Penal Policy

IPRT advocates for a national penal policy that is just and humane, promotes effective non-custodial responses to crime and uses prison as a last resort.

Our vision is for Irish penal policy that focuses on non-custodial responses to crime and has rehabilitation and social reintegration at its core. We believe that the emphasis of our penal system needs to move towards diverting young offenders and at risk groups away from offending behaviour at the entry points to the penal system.

We work towards securing long-term commitment to a coherent, evidence-informed, and effective penal policy, underpinned by international best practice. Effectiveness in this context is taken to mean the approaches to offending behaviour which reduce the risk of re-offending and which are seen to have the greatest social and economic benefits while minimising potential social and economic harm.

Key issues for IPRT in relation to the development of Irish penal policy over recent years have included highlighting the rapid expansion of our prison population from 2007 to 2011 (and again in 2018) and promoting alternatives to custody through research, advocacy and policy work. 

We also engage in public and political debate around crime and punishment to build more informed debate and counteract the demonization of offenders. Some of our media appearances are detailed here.  

Scotland: Extension of the presumption against short custodial sentences 17th May 2019

The Scottish Government has today officially announced plans to extend the current presumption against short custodial sentences. Read more

RESCALED: Movement for small scale detention 14th May 2019

RESCALED, launched in April 2019, advocates for a small-scale, differentiated approach to prisons, with community integration at its core. Read more

UK: A study of the impact of a presumption against custodial sentences of three months or less in Scotland 8th May 2019

Crest evaluates the impact of the introduction of a presumption against the use of custodial sentences of three months or less in Scotland in 2011. Read more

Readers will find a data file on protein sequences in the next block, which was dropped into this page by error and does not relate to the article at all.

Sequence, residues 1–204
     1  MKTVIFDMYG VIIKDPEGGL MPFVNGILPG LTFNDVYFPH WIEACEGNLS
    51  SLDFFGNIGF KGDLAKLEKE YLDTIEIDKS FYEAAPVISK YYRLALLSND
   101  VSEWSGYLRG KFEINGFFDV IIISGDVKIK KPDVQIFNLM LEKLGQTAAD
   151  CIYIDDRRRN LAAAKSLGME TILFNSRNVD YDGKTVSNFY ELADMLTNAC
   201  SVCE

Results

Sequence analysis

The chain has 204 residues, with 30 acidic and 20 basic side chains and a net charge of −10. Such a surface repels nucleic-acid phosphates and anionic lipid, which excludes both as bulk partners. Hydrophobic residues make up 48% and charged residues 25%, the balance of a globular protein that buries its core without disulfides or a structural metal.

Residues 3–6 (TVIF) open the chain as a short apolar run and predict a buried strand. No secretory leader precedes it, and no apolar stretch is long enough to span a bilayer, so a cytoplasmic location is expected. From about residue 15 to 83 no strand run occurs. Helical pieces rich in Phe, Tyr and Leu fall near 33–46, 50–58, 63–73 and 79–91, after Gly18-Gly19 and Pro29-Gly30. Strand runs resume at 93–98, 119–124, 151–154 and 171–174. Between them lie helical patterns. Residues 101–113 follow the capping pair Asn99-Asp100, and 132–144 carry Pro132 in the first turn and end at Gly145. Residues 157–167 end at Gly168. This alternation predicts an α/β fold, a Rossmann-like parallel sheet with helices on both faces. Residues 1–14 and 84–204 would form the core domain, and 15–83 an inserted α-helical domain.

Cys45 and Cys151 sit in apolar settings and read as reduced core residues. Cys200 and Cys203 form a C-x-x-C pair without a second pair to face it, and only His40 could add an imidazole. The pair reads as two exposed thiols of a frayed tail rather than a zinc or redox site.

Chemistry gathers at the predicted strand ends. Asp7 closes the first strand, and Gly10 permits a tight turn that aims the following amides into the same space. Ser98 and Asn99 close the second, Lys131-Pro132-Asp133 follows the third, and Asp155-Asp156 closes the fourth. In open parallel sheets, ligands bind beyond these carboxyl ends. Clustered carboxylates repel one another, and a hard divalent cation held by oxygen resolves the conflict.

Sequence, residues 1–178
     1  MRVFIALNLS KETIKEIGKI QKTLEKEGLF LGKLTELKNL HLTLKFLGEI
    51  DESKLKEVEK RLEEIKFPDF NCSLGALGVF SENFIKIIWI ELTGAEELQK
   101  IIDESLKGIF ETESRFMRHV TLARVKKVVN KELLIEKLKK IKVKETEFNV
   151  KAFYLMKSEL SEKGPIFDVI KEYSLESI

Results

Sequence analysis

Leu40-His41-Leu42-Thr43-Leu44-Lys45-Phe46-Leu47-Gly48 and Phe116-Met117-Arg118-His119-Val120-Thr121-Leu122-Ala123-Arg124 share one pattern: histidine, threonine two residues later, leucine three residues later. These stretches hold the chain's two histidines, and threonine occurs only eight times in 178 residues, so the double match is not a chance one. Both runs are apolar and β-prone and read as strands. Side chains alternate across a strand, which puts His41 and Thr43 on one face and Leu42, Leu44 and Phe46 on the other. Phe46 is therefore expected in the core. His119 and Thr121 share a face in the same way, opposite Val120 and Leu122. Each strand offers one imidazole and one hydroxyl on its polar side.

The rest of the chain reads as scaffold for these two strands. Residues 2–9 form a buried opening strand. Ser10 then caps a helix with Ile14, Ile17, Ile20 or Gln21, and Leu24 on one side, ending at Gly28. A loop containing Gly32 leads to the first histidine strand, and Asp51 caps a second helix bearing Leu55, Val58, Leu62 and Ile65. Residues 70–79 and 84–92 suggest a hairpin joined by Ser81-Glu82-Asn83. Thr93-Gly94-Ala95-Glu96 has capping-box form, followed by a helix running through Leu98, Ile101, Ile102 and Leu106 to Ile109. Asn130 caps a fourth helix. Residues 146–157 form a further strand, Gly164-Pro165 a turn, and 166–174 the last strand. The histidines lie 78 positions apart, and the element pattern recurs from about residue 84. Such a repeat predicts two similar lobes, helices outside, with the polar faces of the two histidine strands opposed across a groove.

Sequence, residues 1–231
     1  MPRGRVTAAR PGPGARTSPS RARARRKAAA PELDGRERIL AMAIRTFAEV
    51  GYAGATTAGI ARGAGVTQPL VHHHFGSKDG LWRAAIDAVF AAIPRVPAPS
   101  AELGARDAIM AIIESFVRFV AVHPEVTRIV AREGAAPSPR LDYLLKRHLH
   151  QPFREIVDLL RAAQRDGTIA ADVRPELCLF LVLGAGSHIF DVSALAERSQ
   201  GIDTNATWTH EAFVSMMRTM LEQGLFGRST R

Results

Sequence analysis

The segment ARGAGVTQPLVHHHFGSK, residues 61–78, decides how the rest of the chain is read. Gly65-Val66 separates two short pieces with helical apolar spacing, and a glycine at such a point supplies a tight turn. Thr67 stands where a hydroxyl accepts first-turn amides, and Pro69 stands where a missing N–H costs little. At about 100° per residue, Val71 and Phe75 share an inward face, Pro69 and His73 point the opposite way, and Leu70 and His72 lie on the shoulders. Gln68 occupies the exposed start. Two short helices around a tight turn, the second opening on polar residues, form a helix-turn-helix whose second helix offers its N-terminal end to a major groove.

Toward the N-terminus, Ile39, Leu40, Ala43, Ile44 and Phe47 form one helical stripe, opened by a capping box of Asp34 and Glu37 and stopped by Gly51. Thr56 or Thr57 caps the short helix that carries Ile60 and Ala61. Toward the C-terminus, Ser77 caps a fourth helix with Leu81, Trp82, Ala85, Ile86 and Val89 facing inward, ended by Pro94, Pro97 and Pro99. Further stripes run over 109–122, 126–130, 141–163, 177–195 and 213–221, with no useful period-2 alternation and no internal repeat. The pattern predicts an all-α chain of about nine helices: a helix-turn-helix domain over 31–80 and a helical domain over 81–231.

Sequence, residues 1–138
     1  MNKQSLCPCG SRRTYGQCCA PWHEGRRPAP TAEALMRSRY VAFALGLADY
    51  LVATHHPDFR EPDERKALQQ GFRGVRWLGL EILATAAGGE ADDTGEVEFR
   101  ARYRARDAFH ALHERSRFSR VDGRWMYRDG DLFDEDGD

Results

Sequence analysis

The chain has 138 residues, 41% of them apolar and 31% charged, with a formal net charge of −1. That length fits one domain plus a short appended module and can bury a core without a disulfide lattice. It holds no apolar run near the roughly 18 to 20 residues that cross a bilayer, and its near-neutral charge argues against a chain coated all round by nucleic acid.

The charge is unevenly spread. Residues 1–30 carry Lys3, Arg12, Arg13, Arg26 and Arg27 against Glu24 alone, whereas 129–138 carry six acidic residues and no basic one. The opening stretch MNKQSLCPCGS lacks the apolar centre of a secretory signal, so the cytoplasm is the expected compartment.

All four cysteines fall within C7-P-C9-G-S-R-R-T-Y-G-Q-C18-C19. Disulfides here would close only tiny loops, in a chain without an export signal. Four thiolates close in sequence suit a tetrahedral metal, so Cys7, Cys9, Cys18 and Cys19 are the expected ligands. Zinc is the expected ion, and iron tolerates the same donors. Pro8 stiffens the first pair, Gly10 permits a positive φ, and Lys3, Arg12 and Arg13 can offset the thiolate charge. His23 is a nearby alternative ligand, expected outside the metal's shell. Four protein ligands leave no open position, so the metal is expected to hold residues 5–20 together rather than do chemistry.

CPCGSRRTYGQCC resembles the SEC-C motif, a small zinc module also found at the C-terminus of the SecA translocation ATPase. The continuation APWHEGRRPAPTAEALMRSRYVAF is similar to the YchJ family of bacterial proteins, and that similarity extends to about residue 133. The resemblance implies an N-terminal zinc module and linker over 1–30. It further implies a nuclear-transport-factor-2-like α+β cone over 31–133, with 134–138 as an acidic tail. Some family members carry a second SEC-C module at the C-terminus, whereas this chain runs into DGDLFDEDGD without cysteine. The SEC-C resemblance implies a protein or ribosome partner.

Doubling up in cells is an ineffective and short-term response to overcrowding 3rd May 2019

IPRT repsonse to reports of recategorisation of single cells to deal with overcrowding. Read more

US: ‘Can we downsize our prisons and jails without compromising public safety?’ Findings from California’s Prop 47 1st May 2019

After a referendum was passed in 2014 in California to recategorise some nonviolent offences as misdemeanours, rather than felonies, what have the effects been on the crime rate? Read more

Publication of the Seventh Report of the Implementation Oversight Group 19th April 2019

The Seventh Report of the Implementation Oversight Group to the Minister for Justice and Equality has been published by the Department of Justice. Read more

Cancellation of ‘super-prison’ plans welcomed by IPRT 16th January 2019

IPRT has welcomed the cancelling of 'super-prison' plans for Thornton hall, stating that the news demonstrates positive progress in Irish penal policy over the last 10 years. Read more

Publication of the Sixth Report of the Implementation Oversight Group 10th September 2018

The Sixth Report of the Implementation Oversight Group has been published by the Department of Justice and Equality. Read more

Press Release: Increasing numbers in Irish prisons undermines safety and rehabilitation 26th June 2018

IPRT reacts to the publication of the 2017 Annual Reports of the Irish Prison Service and the Probation Service. Read more

Report on Penal Reform and Sentencing 10th May 2018

Many of the issues raised by IPRT during our hearing before the Committee are included in the Joint Committee on Justice and Equality report on Penal Reform and Sentencing. Read more

viewed here